The master finds "that during the period when the conversations between Sommer and the plaintiff took place with relation to the execution of the trust instrument, and when the trust instrument was executed and delivered, Sommer did not rely upon the plaintiff to give him, Sommer, the usual advice that an attorney gives to a client, and that
the plaintiff was then acting wholly under the direction of Sommer, and that there existed no relation of attorney and client between the plaintiff and Sommer in the usual meaning of said term, unless that relation necessarily follows as matter of law because of the work done by the plaintiff for Sommer in his business as hereinbefore set forth, the plaintiff during those times not being a person independently practising the profession of the law but being solely an employee of Sommer and subject entirely to the direction and control of said Sommer." [Italics ours.] But the plaintiff was employed primarily because he was a lawyer, and was engaged largely in legal work for Sommer. Office work, as well as appearance in court, may be included in the practice of law. Opinion of the Justices, 289 Mass. 607 , 613, 614. Nothing in the report, except the passage just quoted, tends to support the proposition that the plaintiff's status as attorney for Sommer ever changed. Hill v. Hall, 191 Mass. 253 , 266. The plaintiff's stationery declared that he was counsel for the Viscol Company, which was Sommer. He admits that he explained to Sommer the legal effect of every provision of the trust instrument. It is not to be presumed that Sommer placed no reliance upon the explanation. It may be that an attorney, consistently with his official duty, cannot become completely the servant of anyone. See Bergeron, petitioner, 220 Mass. 472 , 477; Pearl v. West End Street Railway, 176 Mass. 177 , 179; McDermott's Case, 283 Mass. 74 . But the facts that the plaintiff was employed at a weekly salary, instead of practising law in his own office, and that in part he was being trained to manage the business, did not make the relationship other than that of attorney and client, or absolve the plaintiff from the fiduciary duties of an attorney. States, municipalities and private corporations often employ salaried attorneys who have no private practice and whose work overflows into the executive field. The finding hereinbefore quoted appears not to be one based upon evidence or basic facts not reported, but to be merely an erroneous conclusion from the facts stated in the words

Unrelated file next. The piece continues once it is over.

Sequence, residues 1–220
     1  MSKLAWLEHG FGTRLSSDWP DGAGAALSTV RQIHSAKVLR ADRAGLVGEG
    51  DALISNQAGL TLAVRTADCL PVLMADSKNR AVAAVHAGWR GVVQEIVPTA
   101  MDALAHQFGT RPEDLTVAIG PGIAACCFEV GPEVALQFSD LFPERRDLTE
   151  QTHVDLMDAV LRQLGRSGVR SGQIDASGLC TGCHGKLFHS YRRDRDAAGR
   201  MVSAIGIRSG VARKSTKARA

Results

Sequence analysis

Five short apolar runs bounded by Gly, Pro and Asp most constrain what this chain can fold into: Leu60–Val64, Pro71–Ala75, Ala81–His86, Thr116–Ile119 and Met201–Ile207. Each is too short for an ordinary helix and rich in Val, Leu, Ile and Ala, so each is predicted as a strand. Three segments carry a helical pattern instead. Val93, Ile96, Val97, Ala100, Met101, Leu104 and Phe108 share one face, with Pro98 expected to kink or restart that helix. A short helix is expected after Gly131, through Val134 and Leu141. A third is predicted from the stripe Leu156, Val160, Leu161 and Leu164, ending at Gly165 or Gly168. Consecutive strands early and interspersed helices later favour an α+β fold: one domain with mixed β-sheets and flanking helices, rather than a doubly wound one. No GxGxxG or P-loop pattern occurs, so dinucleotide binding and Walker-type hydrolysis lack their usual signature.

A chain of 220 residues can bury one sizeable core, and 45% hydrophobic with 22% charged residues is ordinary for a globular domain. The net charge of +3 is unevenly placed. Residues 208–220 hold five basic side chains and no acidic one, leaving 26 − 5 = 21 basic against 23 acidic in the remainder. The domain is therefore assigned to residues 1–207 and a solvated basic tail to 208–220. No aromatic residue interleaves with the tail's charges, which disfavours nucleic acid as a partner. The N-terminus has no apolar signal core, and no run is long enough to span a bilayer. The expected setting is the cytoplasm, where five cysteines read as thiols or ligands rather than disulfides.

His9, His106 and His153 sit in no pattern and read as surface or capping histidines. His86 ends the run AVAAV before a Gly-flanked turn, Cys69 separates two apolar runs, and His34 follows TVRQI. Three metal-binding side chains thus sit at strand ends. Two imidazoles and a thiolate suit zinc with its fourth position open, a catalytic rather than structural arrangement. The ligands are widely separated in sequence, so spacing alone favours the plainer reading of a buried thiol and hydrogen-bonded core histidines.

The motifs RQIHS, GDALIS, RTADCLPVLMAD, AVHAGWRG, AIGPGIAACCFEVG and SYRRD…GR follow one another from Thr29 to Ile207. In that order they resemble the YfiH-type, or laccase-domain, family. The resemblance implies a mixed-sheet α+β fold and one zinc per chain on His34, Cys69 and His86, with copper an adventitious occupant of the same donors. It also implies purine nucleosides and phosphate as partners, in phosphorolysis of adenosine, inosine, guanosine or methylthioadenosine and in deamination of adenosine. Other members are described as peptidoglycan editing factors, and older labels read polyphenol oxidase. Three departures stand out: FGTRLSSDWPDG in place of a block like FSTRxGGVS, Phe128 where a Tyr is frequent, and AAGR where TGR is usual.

in italics. See MacLeod v. Davis, 290 Mass. 335 , 338; Kasper v. H. P. Hood & Sons, Inc. 291 Mass. 24 .
The case resolves itself to this: Do the subsidiary facts stated by the master show error in his conclusion that there was no fraud, undue influence or violation of duty on the part of the plaintiff in obtaining the execution of the trust instrument of September 21, 1931, or in the conclusion of the judge that the plaintiff is entitled to enforce that instrument?
In Gibson v. Jeyes, 6 Ves. 266, 271, Lord Eldon said, "An attorney buying from his client can never support it; unless he can prove, that his diligence to do the best for the vendor has been as great, as if he was only an attorney, dealing for that vendor with a stranger. That must be the rule. If it appears, that in that bargain he has got an advantage by his diligence being surprised, putting fraud and incapacity out of the question, which advantage with due diligence he would have prevented another person from getting, a contract under such circumstances shall not stand." Again he said (page 278), "if he will mix with the character of attorney that of vendor, he shall, if the propriety of the contract comes in question, manifest, that he has given her all that reasonable advice against himself, that he would have given her against a third person." In Hill v. Hall, 191 Mass. 253 , 262, Sheldon, J., said, "the. attorney who bargains with his client in a matter of advantage to himself must show, if the transaction afterwards is called in question, that it was in all respects fairly and equitably conducted; that he fully and faithfully discharged all his duties to his client, not only by refraining from any misrepresentation or concealment of any material fact, but by active diligence to see that his client was fully informed of the nature and effect of the transaction proposed and of his own rights and interests in the subject matter involved, and by seeing to it that his client either has independent advice in the matter or else receives from the attorney such advice as the latter would have been expected to give had the transaction been one between his client and a stranger." It is true, that the